Craig Lapsley, Emergency Management Commissioner, recently announced that Emergency Management Victoria (EMV) is “making a change” in how they approach emergency management.

We are looking forward to sharing more with you in the coming months including how we are working with Craig to support this big vision.

We spotted this article in the June 2016 edition of “Firewise” – the official publication of Volunteer Fire Brigades Victoria CFA Rescue Association, supported by the Country Fire Authority Victoria.

Here is a transcript of the article, written by Craig:

WE HAVE BEEN MAKING A CHANGE in the way we approach emergency management. You may have heard the new phrase we are using – ‘All communities, all emergencies’. The community is at the centre of everything we do. We are the people protecting the people. ‘All communities, all emergencies’ captures this.

It also represents an evolution in the ‘All hazards, all agencies’ approach to emergency management.
It puts all types and levels of communities at the centre of decision making. ‘Community’ in its broadest definition includes geographic and place based community groups that have common interests, networks and social systems that include family, friends, neighbours, and community groups. There are faith based communities, businesses communities, tourism communities and the list goes on.
In Victoria, whether it’s sheep to shore, country to city, environment to ports, outback to ocean, however you describe it we protect it.
‘Emergency’ describes all types of significant events that are sudden, unexpected or impending that may cause a loss of life, injury, damage or interference with the normal activities of life. This means emergencies caused by weather or natural emergencies, human health, animal health, failure of infrastructure and security emergencies.
‘All communities, all emergencies’ is a broad approach and is underpinned by ‘Working in conjunction with Communities, Government Agencies and Business’ and captured in the ‘We work as one’ sector principle.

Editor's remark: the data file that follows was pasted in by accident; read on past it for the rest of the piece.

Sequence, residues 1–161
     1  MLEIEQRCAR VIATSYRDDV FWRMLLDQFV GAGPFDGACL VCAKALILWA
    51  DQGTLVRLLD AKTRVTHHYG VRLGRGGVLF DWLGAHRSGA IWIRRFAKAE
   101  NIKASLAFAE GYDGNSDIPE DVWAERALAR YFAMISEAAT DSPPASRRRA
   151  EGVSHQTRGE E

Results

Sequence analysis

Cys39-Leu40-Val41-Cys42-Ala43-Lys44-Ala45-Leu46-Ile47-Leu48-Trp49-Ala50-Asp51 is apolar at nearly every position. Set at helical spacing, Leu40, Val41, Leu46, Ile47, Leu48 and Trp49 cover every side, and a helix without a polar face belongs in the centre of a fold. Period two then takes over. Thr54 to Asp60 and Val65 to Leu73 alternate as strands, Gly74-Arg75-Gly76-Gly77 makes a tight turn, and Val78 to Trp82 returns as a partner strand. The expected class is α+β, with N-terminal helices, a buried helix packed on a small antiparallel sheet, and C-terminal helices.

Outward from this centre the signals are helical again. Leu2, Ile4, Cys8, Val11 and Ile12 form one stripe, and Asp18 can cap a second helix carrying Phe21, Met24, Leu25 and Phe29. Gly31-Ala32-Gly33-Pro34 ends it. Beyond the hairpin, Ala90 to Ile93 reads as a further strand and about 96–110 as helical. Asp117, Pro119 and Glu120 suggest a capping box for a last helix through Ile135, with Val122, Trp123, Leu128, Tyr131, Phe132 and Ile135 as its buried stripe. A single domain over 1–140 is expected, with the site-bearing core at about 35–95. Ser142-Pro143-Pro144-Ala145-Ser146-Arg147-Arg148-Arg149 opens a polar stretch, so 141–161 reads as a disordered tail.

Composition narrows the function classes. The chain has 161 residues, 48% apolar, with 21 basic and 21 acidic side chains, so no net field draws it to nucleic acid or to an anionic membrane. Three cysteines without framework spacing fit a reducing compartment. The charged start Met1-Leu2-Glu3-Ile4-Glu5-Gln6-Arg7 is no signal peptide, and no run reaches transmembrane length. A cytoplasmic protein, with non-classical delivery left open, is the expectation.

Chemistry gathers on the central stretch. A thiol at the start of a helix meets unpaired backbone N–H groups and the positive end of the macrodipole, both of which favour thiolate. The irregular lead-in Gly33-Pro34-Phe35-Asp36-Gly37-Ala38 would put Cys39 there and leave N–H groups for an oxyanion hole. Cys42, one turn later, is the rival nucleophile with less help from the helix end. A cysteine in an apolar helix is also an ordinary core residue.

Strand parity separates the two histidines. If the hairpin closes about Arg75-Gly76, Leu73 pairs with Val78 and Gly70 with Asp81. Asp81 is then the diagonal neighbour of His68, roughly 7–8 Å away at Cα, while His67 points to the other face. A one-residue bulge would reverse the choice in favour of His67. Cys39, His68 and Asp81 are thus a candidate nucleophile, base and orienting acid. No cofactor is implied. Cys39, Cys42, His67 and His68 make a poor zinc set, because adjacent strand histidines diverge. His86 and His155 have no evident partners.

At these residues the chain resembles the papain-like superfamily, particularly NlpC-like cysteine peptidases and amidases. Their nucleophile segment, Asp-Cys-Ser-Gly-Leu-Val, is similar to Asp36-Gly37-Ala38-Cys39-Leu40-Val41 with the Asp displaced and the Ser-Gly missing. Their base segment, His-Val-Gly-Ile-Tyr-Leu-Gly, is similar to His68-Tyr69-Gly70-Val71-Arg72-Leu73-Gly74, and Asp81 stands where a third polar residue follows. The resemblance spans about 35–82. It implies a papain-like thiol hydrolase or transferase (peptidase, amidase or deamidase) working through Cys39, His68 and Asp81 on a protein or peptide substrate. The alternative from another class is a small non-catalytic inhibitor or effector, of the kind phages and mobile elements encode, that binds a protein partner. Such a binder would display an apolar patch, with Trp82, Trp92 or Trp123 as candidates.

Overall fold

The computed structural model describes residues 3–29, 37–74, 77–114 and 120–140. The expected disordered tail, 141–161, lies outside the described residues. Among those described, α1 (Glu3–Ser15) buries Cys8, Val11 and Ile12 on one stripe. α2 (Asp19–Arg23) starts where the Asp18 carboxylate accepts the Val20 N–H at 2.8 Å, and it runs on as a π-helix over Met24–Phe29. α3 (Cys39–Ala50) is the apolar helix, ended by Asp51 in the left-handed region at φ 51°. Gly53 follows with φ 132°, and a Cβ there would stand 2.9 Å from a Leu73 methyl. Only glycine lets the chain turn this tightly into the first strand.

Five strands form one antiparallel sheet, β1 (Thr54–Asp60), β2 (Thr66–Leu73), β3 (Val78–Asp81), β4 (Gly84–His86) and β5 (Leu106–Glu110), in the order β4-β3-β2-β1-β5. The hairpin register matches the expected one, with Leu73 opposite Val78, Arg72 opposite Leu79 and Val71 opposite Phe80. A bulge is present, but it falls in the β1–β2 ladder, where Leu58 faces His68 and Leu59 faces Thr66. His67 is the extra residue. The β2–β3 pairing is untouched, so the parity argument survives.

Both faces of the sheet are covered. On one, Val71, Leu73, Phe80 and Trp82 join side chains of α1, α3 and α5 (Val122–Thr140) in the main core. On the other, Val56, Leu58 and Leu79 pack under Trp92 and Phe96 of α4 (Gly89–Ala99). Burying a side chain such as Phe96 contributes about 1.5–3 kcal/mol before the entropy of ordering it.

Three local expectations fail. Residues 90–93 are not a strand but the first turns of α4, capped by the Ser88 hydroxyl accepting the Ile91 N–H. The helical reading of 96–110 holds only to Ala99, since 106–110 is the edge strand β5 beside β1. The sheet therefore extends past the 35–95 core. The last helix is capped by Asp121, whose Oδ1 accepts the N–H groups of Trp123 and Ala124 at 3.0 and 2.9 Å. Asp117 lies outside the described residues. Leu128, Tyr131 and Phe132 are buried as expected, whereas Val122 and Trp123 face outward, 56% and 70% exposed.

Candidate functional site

In emergency management we come from a flood and fire focussed environment. There are reasons for that. The 2009 Royal Commission is one of the reasons but now we do so much more.
We’ve done so much work since 2009 to be better across all agencies and now it’s time to take it to the next level.
‘All hazards, all agencies’ served us well but we are stepping away from a hazard and agency approach. It helped us bring people together, but our focus has to shift. We are no longer focussed on the hazard it is now about the broader community.
The new approach is further enhancing the community centric approach we have come to work under with the community being centre of all decisions and focuses on people and broadening the approach to all emergencies.
This is a logical and simple change in the way we approach emergency management.
Victorians need to see the community is our absolute focus. It’s the right thing to focus on, and as part of it they need to understand it.
Let’s take the opportunity to make a change in 2016 and set ourselves up for the future and the way we see it should work.
You will see this phrase used. You should use it, understand it and explain it to others. We’re going to make sure it underpins planning for new legislation in 2016 and sets up what the future looks like. If we do it in planning it will help us set it up in response and recovery.